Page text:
Saturday, October 25, 2014

Author of the month Cynthia Rylant

For the month of November, I am thrilled to announce as our author Cynthia Rylant.  She is a great favorite in our family.  The Henry and Mudge series, Mr. Putter and Tabby series, and When I was Young in the Mountains are wonderful!  Ms. Rylant has a wonderful website that tells more about her life and her books.  She lived for a time in Ohio which endears her to all of our hearts.

There are many wonderful activities that can be used with her books.  I have set up a Pinterest Board with a few I have found.  Here is a wonderful article about her life and books as well.

So this November you can read In November by Cynthia Rylant and celebrate the Author of the Month.

Saturday, October 18, 2014

Myths about Home Education

The year is underway, and hopefully you are getting in the groove of home education.  After having the privilege of talking to many home educators in person and through my business, I have found that I am not alone in believing some homeschool myths. Though none of us believe them every day, it is easy to let them slip in.

Myth:  I think his her homeschool day always flows way better than mine.
Fact:  Sometimes his/her day is better than yours, but sometimes yours day is better than theirs.  That sounds so simple, but when you are alone at your house and watching chaos ensue it is easy to believe that myth.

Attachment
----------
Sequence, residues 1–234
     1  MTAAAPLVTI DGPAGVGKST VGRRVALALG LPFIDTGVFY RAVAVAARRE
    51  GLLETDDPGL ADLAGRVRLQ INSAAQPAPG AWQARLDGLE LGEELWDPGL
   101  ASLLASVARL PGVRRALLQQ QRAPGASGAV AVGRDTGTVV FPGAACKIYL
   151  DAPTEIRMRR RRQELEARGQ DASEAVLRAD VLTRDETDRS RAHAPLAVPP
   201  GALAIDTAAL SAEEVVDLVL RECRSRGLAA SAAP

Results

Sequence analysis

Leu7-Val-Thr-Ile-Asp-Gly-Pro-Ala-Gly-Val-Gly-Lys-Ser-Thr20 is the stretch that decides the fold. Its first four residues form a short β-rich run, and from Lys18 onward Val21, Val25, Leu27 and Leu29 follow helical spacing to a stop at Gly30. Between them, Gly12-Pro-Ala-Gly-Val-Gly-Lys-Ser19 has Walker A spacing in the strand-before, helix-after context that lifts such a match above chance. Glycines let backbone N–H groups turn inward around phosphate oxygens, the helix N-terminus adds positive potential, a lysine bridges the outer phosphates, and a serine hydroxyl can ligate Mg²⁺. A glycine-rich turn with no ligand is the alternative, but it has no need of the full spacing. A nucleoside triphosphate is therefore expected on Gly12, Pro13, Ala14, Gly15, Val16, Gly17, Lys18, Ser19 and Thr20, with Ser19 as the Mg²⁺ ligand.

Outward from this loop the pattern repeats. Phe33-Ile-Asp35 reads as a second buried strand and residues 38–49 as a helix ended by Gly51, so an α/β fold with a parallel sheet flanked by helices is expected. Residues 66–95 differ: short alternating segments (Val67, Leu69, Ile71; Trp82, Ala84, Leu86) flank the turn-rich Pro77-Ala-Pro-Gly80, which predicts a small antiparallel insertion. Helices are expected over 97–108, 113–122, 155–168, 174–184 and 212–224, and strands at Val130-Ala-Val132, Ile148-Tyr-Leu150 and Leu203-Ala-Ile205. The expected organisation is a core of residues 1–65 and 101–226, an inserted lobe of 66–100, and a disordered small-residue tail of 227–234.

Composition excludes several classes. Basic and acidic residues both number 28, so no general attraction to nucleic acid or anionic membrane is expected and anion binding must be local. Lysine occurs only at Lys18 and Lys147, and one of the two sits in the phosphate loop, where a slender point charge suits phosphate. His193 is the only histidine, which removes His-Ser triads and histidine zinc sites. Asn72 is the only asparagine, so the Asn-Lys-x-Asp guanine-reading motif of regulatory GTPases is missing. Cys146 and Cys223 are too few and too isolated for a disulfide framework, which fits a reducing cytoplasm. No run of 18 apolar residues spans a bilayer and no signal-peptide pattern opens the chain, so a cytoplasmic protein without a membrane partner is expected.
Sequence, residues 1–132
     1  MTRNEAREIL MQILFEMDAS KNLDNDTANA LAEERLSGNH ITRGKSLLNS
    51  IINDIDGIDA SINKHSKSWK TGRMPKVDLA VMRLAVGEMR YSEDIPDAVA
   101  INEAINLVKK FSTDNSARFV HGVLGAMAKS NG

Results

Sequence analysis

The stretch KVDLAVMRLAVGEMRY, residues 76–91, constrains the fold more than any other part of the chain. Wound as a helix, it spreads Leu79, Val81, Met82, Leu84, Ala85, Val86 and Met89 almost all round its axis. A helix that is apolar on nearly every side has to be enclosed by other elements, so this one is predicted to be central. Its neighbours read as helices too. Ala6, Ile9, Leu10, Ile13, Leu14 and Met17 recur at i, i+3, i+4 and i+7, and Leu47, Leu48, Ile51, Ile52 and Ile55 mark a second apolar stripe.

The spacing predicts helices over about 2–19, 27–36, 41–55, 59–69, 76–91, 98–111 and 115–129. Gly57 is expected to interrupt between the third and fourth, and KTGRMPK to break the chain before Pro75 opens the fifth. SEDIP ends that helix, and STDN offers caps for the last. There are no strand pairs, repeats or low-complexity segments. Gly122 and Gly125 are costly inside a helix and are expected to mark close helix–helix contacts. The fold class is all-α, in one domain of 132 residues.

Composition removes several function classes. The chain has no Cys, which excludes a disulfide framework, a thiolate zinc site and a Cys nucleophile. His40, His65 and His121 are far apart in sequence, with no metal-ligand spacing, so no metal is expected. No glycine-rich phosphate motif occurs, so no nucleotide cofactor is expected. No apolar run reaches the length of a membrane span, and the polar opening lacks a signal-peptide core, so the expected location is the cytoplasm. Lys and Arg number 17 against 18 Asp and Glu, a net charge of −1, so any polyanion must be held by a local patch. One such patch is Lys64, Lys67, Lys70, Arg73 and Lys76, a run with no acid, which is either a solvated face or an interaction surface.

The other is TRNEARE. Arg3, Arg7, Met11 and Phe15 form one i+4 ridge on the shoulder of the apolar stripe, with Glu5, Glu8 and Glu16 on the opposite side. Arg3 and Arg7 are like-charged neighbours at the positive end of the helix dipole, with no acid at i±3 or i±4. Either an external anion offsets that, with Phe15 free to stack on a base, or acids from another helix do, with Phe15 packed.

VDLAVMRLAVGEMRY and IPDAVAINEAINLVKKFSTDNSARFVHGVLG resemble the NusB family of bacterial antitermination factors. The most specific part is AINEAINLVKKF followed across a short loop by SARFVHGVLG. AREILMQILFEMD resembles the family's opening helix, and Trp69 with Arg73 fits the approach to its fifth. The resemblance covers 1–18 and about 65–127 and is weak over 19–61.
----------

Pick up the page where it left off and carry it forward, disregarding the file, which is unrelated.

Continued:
Myth:  When others homeschool, their children sit around the table and smile up at them, complete their work without complaint, and do what they are supposed to do. 
Fact: Most families' kids are probably like yours and occasionally argue, act stubborn, and maybe even cry about doing their work.  (Of course, I have only heard about other children doing this.☺)

Myth:  Other people do so many amazing things with their kids all day long, while I am just trying to get through the day! 
Fact:  You do amazing things with your kids.  I have looked at hundreds and hundreds of portfolios over the past five years.  I have never looked at a family that did not do at least one thing amazingly well.  I never cease to be amazed at the creativity and ideas that flow from people.  If you are home educating each day, you are doing something amazing!

Myth:  Home Educated Children are always very grateful that you are home educating them, and regularly tell you.     
Fact:  You care about your children and are pouring out your life for them.  They occasionally will say something nice, but they are kids.  How many of us were that grateful to our parents until we left home?  Hopefully we can help cultivate grateful hearts, but know that kids are kids.

Saturday, October 11, 2014

How do I help my child become a good reader?

 I sorted through my kids winter clothes this week.  I wanted to post something that I loved from past posts on Ohio Homeschool.  I felt I needed to hear this again. Happy fall!

One of the ways we help our children become good readers is to give them direct instruction on how to be one.   The most effective and simple way I know to help your child become a good reader is by sharing your thought process with them as you read a book to them.    By sharing your insights and the insights below, you are helping your child to become a good reader.   I have divided up the process of  reading to before, during, and after.  Each part shares what a good reader does and then gives you some things to say to your child to share your thinking process. 

Before Reading, a good reader will think about what is the purpose of what I am about to read.  They will ask, "Am I trying to gain information on a topic or find out what happens in a story?"  By stating what you think the purpose of a story or text is  out loud you are modeling what good readers do.